2. Atheism in the informal sense is a profoundly religious attitude. An attitude in life of total trust of letting go. When we form images of god they are all really exhibitions of our lack of faith—something to hold on to, something to grasp.
When we don’t grasp we have the attitude of faith. If you let go of all the idols of faith you will of course discover that what this unknown is precisely, the foundation of the universe, which is precisely you.
It is not the you you think you are (it is not your opinion of yourself) it is not your idea or image of yourself, it is not the chronic sense of muscular strain which we usually call “I” You can’t grasp it, of course not, why would you need to? Suppose you could, what would you do with it? You could never get at it!”.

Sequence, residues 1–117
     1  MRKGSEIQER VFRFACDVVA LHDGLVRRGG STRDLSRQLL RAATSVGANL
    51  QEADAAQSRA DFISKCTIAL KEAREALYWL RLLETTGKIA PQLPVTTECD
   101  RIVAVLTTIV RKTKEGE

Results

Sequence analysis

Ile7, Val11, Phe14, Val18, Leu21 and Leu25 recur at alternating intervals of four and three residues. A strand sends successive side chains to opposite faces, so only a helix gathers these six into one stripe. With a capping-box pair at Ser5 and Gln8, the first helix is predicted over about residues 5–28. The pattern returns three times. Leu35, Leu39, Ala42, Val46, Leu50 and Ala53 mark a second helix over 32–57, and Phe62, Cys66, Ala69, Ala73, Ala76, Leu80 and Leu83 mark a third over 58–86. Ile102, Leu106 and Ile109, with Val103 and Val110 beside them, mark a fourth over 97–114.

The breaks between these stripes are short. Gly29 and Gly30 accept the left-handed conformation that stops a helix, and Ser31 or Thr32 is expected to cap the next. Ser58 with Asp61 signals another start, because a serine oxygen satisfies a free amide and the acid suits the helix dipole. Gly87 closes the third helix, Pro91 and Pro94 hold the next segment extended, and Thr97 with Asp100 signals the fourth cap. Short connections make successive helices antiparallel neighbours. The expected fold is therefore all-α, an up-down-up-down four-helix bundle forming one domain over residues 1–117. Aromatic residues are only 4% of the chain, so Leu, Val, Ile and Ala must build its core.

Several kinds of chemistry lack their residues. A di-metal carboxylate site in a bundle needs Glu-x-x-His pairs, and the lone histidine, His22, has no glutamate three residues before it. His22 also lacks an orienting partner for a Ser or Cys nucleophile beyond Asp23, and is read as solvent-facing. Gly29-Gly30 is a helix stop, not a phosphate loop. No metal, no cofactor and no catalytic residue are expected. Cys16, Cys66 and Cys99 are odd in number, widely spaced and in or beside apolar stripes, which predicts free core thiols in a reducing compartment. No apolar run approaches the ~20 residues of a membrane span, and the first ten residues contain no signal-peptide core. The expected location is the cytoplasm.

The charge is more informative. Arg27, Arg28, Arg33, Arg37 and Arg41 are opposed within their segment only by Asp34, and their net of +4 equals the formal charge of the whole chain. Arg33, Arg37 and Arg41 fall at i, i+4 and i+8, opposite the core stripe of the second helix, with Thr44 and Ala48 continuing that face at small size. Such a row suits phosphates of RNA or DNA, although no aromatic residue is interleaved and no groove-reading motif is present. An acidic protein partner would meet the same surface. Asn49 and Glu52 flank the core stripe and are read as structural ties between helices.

And so there is the profound central mystery of the attitude of faith—to stop chasing it, to stop grabbing it. Because if that happens the most amazing things follow. All these ideas of the spiritual, the godly as this attitude of “must”—”And we have laid down the laws which we are all bound to follow”. This is not the only way of being religious and relating to the inefable mystery that underlies ourselves in the world—you.
“If we cling to belief in God, we cannot likewise have faith, since faith is not clinging but letting go”—Alan Watts